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University of Iowa News Release

Aug. 23, 2006

Gaitskill Reads From National Book Award Finalist On WSUI Sept. 5

Fiction writer Mary Gaitskill will read from "Veronica," a finalist for the National Book Award and now released in paperback, at 7 p.m. Tuesday, Sept. 5, in the Prairie Lights bookstore at 15 S. Dubuque St. in downtown Iowa City.

The reading, hosted by Julie Englander, will be broadcast on the "Live from Prairies Lights" series on UI radio station WSUI-AM 910. Listen on the Internet at

David Jays wrote in the Washington Post Book World, "Mary Gaitskill's heroines often glide through the world as bemused recipients of attention. If they are cute, it's news to them. Alison, the narrator of Gaitskill's mesmerizing second novel, is different -- she was once beautiful, and (mostly) knew it. Alison treats beauty like a card you either hold or lack. Armored in attraction, you can access all areas; stripped of it, you can find yourself twitching crazily on the sidewalk, like the aging cover girl Alison describes early in the narrative. Where beauty leads you, and where it leaves you, directs the book's trajectory. . . . Gaitskill's implacable refusal of sentimentality is her great strength -- no group hugs here, just baleful understanding."

Author Heidi Julavits wrote, "Gaitskill's style is gorgeously caustic and penetrating with a homing instinct toward the harrowing; her ability to capture abstract feelings and sensations with a precise and unexpected metaphor is a squirmy delight to encounter in such abundance."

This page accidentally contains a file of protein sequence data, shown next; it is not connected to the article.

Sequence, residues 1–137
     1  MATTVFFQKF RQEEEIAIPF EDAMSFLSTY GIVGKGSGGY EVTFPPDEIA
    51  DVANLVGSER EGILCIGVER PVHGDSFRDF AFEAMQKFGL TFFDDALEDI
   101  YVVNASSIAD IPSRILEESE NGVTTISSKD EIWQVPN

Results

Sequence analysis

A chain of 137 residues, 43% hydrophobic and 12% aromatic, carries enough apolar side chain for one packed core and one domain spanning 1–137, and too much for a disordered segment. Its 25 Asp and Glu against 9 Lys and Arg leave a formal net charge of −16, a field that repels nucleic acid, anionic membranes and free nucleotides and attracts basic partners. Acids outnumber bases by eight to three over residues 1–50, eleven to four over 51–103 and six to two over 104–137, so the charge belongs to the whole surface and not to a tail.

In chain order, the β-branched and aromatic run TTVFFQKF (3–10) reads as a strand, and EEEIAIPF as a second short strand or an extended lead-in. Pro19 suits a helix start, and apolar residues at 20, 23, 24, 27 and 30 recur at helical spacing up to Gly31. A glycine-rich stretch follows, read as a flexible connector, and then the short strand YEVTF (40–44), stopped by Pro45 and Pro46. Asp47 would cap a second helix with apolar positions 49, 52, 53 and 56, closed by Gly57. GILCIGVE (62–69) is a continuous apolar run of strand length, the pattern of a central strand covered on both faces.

And Donna Seaman wrote, in a Booklist starred review, "Gaitskill writes sexually frank and emotionally scouring tales of women on the verge and in the abyss, including her first novel, 'Two Girls, Fat and Thin' (1991). Here, she again posits an improbable alliance between two women who, for all their differences, share a renegade spirit. Alison, the intriguingly ambivalent narrator, discovers at an early age that her prettiness gives her power and leaves her vulnerable. She stumbles into modeling, barely survives a decadent interlude in Paris, then ends up in New York, worried that her modeling days are over.

"She takes a night-shift temp job and meets Veronica, who is older, unbeautiful, not hip, and joltingly cynical. Duncan, the love of Veronica's life, is a rampantly unfaithful bisexual who infects her with AIDS. Gaitskill perfectly evokes the ambience of the 1970s and 1980s: the trance of pop music, the ubiquitous drugs, fashion's sadomasochistic bent, the lust for wealth, and the quiet terror of AIDS. . . . She zeros in on the vagaries of the mind as she considers beauty and disease, betrayal and loyalty, and fear and compassion in a raw-nerves novel that is at once elegiac, funny, and life affirming. "

Gaitskill is the author of "Because They Wanted To," which was nominated for the PEN/Faulkner Award in 1998. Her stories and essays have appeared in The New Yorker, Harper's Magazine, Esquire, "The Best American Short Stories" and "The O. Henry Prize Stories." Her story "Secretary" was the basis for the film of the same name.

The recipient of a Guggenheim Fellowship, she teaches creative writing at Syracuse University.

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STORY SOURCE: University of Iowa Arts Center Relations, 300 Plaza Centre One, Suite 351, Iowa City, IA 52242-2500.

MEDIA CONTACT: Winston Barclay, 319-384-0073,

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